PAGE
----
“Evo-Stik league comedy: too depressing to be amusing.”


Rovers, Sky 1

“Unfortunately, the inventiveness of the writers Joe Wilkinson and David Earl could not match this found comedy. Sue Johnston struggled to find something interesting in dotty, warm club manager Doreen. Her Royle Family co-star Craig Cash, when talking about his divorce, momentarily discovered depth in the devoted fan Pete Mott, but it passed. Evo-Stik league comedy: too depressing to be amusing.”
Andrew Billen, The Times

“Rovers sticks closely to The Royle Family model, gently poking fun at people’s mundane observations. However, the writing sometimes got lost amid the gaping silences as the almost exclusively vacant cast of characters reacted to everything at a snail’s pace. The triumph of the recent Car Share might have reignited interest in warm-hearted comedy, but, at the moment, Rovers feels too mild.”
Jonathan McAloon, The Telegraph

“I know it is unreasonable to disparage something on the grounds that it’s not The Detectorists. But it does prove that such lightness of touch is incredibly hard to get right. That said, this new sitcom will give pleasure to many and any excuse to have Cash back on TV is fine by me.”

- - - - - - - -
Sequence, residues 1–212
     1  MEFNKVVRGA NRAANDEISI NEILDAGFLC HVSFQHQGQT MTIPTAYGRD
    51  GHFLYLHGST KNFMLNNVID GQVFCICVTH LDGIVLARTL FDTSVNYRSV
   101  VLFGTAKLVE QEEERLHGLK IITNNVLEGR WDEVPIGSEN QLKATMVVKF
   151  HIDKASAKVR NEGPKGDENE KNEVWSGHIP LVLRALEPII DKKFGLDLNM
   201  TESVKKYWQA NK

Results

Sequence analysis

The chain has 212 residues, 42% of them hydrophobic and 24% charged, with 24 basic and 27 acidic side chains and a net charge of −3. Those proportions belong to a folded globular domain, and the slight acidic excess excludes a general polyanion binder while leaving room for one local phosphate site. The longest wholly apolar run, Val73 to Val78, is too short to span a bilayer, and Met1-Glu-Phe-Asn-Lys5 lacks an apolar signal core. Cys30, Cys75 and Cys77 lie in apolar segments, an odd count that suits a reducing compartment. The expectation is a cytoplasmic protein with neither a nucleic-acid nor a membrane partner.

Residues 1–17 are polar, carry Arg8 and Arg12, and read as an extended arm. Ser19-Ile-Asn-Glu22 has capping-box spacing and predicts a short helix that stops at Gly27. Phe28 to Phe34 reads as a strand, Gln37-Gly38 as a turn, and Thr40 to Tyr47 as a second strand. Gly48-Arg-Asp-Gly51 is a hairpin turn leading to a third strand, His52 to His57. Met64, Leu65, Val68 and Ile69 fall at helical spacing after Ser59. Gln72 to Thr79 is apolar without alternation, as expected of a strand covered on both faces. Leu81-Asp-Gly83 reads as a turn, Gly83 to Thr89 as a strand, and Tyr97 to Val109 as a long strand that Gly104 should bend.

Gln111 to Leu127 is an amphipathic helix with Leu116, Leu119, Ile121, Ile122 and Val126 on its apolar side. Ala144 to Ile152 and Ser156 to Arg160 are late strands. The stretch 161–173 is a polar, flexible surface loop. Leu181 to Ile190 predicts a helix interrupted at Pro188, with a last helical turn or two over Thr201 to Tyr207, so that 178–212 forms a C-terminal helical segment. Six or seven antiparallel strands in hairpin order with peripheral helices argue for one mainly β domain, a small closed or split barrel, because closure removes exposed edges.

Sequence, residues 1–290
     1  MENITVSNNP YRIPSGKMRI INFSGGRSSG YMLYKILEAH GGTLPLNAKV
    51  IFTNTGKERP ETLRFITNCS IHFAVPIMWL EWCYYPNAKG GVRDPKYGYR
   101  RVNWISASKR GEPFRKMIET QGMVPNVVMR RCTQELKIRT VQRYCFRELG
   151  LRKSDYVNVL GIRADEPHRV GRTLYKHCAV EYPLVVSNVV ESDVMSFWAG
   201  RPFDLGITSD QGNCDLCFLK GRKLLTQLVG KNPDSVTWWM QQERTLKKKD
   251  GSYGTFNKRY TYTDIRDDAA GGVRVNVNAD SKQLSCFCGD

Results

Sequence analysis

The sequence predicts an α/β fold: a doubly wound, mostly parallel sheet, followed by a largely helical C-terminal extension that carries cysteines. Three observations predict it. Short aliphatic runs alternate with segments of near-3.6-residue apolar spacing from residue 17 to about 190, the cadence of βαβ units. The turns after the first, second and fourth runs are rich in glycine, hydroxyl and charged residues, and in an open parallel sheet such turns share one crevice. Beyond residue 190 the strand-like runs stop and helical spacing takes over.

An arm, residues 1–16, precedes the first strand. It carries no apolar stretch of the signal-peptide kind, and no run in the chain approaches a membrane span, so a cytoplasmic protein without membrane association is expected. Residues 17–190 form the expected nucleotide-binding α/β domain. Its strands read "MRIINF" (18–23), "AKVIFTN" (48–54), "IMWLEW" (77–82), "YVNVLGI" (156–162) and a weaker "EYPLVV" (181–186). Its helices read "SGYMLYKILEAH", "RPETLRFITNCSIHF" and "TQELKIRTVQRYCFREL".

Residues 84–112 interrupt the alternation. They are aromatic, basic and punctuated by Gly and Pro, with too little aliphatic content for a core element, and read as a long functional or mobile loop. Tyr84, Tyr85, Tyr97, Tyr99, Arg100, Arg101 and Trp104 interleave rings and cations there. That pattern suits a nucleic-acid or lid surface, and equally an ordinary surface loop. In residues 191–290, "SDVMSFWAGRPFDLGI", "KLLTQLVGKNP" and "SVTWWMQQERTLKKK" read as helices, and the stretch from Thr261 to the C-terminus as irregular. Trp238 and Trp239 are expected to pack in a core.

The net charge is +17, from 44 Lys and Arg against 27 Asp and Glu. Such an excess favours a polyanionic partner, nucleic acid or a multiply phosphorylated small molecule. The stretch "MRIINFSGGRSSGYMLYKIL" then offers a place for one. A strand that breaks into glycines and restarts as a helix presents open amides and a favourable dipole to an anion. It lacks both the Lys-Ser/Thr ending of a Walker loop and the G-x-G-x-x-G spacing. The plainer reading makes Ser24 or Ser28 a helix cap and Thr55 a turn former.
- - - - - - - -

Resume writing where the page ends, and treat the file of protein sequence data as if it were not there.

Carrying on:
Julia Raeside, The Guardian

Last Whites of the East End, BBC1

“Kelly Close’s film was emotional and not only because it brought home that if you want to experience the ‘real’ East End, you need East Enders. The question subtly posed by this complicated, sympathetic film was whether it was green fields or white faces Newhamites were seeking out. The equally subtle answer acquitted the migrants of racism.”
Andrew Billen, The Times

“This one-off documentary could have been a shallow requiem for the demise of pie ’n’ mash and Pearly Queens. Instead, it showed the difference between influx and assimilation, the way London has worked for 2,000 years, and the nightmare of mass migration – a system that fails everyone.”
Christopher Stevens, Daily Mail

The KKK: Behind the Mask, Channel 5

“There was some beer-fuelled nonsense about the Zionists and racial purity but the party-goers generally sounded less like supremacists and more like whites with a huge inferiority complex. Their whingeing reminded us the real reason for the pointy hats had been cowardice, small-town thugs hiding their identities. Behind the mask there’s little to fear.”
Matt Baylis, Daily Express